Thursday, January 7, 2021
Laura I Appleman (Willamette University College of Law) has posted The Treatment-Industrial Complex: Alternative Corrections, Private Prison Companies, and Criminal Justice Debt (Harvard Civil Rights- Civil Liberties Law Review (CR-CL), Vol. 55, No. 1, 2020) on SSRN. Here is the abstract:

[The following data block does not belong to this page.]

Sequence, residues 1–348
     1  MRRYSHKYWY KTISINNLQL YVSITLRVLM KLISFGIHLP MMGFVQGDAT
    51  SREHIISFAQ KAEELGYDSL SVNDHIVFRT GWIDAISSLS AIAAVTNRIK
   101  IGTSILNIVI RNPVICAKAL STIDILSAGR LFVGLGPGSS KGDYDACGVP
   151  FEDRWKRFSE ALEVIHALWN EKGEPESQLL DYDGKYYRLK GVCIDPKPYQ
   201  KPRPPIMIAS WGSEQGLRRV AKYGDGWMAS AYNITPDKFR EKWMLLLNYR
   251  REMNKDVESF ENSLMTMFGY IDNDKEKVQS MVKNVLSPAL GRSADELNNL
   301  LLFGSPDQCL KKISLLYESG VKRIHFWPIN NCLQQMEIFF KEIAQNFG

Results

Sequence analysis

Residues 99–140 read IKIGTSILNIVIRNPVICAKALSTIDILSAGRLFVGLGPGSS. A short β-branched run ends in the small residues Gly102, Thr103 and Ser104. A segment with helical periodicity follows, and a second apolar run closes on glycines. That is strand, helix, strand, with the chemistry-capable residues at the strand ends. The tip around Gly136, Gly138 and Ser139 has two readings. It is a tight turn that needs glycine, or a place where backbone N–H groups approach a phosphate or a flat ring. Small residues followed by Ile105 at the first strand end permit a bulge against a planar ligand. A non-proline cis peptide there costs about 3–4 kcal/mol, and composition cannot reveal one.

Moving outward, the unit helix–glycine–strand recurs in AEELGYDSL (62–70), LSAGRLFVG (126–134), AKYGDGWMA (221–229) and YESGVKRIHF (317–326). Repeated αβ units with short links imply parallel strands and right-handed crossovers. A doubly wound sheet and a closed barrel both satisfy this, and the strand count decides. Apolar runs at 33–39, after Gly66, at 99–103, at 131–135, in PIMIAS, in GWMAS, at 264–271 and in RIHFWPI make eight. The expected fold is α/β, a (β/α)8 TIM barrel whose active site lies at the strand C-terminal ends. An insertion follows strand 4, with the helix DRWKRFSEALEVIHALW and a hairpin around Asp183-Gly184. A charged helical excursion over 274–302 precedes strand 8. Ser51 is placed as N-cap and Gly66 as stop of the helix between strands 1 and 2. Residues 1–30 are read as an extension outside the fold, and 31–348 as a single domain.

Out of the 6.7 million adults caught up in the criminal legal system, approximately 4.5 million are under correctional control outside of prisons and jails. Within this hidden world of “alternative corrections,” people who are arrested, detained, imprisoned, put on probation or diversion, and even released are forced to pay a growing amount of money to various for-profit “criminal justice” actors. Alternatives to incarceration are conditioned on fines, fees, and other forms of wealth extraction, causing a vicious cycle of poverty and indebtedness that is virtually impossible to escape. This Article explores and analyzes the little-researched area of criminal justice debt arising from alternative corrections: how private corrections companies profit from supervising those individuals released, paroled, sent to rehabilitation or diversion, placed on probation, or subject to forensic or civil commitment. These under-examined forms of for-profit correctional supervision — the treatment-industrial complex — have turned supposedly progressive alternatives to incarceration into cash-register justice.